When Duncan Sheik was first approached by producer Jesse Singer, after he'd acquired the stage rights to Bret Easton Ellis' American Psycho, about adapting it into a musical, he said he wasn't interested. "The last thing I wanted to see was Patrick Bateman breaking out into song," Sheik says. "I mean, generally, the last thing I want to see is anyone breaking out into song."
Despite having won critical acclaim in 2007 for the music and orchestration of the hit Broadway show Spring Awakening, which was recently revived this season on Broadway with a stunning production that incorporated deaf actors and sign language, the singer-songwriter still seems itchy when it comes to most musical-theater song-and-dance tropes. So for American Psycho, he decided to do something completely different.
"We had the idea that it would be really cool to do a musical where the band in the pit, so to speak, would be Depeche Mode or Kraftwerk or some variation," he explains. "I thought, 'This is really exciting: We could do a piece of musical theater with an all-electronic score.' I wanted a really sterile soundscape and sonic palette. Also, these guys were going to all these nightclubs, the same ones I was sneaking into as a teenager. So I thought it was cool to have an all-electronic show."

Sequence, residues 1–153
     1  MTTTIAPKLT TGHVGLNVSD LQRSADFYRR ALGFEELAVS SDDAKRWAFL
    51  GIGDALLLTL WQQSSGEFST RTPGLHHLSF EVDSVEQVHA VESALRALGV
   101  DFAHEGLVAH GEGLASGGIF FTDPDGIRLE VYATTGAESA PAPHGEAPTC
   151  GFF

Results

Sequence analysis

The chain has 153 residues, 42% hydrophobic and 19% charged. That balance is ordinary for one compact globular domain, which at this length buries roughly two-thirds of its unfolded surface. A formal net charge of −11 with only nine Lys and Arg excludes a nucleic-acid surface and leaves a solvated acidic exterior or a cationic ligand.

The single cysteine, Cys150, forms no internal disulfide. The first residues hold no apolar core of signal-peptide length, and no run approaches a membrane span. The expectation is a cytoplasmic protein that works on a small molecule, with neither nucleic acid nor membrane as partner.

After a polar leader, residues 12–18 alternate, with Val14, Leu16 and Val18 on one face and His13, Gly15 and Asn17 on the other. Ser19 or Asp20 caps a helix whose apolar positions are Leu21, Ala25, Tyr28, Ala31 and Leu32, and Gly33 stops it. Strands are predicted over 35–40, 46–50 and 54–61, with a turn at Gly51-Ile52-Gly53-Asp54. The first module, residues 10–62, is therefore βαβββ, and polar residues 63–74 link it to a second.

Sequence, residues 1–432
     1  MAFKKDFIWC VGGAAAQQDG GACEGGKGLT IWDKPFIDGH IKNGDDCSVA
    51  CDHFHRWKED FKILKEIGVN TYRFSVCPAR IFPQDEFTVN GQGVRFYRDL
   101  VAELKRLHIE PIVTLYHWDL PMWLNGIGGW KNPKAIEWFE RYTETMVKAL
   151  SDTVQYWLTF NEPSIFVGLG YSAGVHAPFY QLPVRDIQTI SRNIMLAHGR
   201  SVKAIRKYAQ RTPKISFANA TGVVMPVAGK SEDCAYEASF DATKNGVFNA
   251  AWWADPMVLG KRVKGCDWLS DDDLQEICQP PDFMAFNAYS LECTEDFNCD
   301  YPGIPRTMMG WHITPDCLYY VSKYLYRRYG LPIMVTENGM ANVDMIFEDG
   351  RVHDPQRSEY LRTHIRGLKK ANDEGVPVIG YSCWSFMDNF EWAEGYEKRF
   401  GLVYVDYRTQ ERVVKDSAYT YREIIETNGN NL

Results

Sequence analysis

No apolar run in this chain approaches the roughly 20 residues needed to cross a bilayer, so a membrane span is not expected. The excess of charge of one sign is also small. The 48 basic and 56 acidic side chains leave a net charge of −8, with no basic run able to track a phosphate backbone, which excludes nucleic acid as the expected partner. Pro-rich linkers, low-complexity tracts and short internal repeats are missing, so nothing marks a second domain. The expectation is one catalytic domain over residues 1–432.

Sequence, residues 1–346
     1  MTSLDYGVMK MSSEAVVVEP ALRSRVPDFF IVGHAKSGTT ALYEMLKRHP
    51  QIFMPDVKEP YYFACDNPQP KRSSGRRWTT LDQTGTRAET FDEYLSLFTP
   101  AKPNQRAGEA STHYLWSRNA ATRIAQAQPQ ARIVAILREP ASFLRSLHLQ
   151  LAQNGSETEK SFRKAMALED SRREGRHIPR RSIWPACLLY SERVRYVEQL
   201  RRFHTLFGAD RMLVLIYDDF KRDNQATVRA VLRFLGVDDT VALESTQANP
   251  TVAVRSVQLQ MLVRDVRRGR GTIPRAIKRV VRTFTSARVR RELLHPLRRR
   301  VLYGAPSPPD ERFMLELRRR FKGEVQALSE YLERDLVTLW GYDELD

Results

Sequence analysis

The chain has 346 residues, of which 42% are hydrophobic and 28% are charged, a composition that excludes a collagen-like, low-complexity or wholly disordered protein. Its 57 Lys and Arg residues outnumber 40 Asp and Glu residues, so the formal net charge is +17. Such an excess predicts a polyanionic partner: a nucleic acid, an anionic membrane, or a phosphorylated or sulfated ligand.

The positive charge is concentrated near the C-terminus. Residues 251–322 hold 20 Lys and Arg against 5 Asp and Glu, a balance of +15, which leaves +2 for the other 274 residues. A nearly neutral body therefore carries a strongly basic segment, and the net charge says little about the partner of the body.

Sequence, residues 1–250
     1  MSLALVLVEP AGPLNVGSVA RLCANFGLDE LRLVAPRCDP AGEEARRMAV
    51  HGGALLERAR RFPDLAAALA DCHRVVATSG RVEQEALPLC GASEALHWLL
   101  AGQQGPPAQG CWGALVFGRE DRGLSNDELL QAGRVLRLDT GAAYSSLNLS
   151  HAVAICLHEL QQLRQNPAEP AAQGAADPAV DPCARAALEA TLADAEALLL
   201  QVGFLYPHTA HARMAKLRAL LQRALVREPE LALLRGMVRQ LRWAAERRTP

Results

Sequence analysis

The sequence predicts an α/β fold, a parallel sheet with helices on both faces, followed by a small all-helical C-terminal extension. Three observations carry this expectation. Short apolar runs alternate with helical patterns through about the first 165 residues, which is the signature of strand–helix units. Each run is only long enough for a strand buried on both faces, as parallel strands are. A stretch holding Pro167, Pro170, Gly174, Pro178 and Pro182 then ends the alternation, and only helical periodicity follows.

Sheik's concept was to have the original score be all electronic and the covers – New Order's "True Faith," Human League's "Don't You Want Me," Tears for Fears' "Everybody Wants to Rule the World" and Phil Collins' "In the Air Tonight" – be all choral, a cappella arrangements. That held for the most part. "But the Huey Lewis, we had to do it as a diagetic piece," the songwriter says, "because it's too much fun to just see white people dancing to that song."
One of the clever standout tracks, "You Are What You Wear," is sung by the female members of the ensemble and includes witty lyrics that rhyme fashion with food – "I want blackened shark/Mahi mahi/Works so well/With Isaac Mizrahi." It's the sort of "list song" for which musical theater composers typically relish, but it was new territory for Sheik. "I'd never really written one before," he says, who researched it by mining his experiences and calling up old girlfriends to ask about their favorite labels. "After college, I was obsessed with high-end fashion I couldn't afford, mostly Japanese designers like Commes des Garçons and Matsuda. And I wanted to rhyme it with food items. Generally I hate when people talk about food in song, but in this case it made sense."
Ultimately, this Broadway musical – which also includes a new work, "Selling Out," that wasn't in the original London production – aims to capture and skewer the capitalist, "greed is good" set of people who thrived during the Reagan era.
"There's a version of American Psycho that you could do that is campy, kitschy and incredibly broad and comic. I wasn't interested in that," Sheik says. "I wanted it to be a little deeper and more ambiguous weird and strange and, hopefully, beautiful."